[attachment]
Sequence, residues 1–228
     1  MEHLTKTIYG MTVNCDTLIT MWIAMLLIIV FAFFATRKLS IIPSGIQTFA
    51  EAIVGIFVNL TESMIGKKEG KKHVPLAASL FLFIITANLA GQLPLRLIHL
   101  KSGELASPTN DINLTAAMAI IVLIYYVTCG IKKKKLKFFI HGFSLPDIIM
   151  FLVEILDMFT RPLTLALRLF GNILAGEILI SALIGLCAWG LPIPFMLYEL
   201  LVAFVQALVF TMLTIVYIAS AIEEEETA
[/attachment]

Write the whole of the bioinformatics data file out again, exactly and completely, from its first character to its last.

Sequence, residues 1–228
     1  MEHLTKTIYG MTVNCDTLIT MWIAMLLIIV FAFFATRKLS IIPSGIQTFA
    51  EAIVGIFVNL TESMIGKKEG KKHVPLAASL FLFIITANLA GQLPLRLIHL
   101  KSGELASPTN DINLTAAMAI IVLIYYVTCG IKKKKLKFFI HGFSLPDIIM
   151  FLVEILDMFT RPLTLALRLF GNILAGEILI SALIGLCAWG LPIPFMLYEL
   201  LVAFVQALVF TMLTIVYIAS AIEEEETA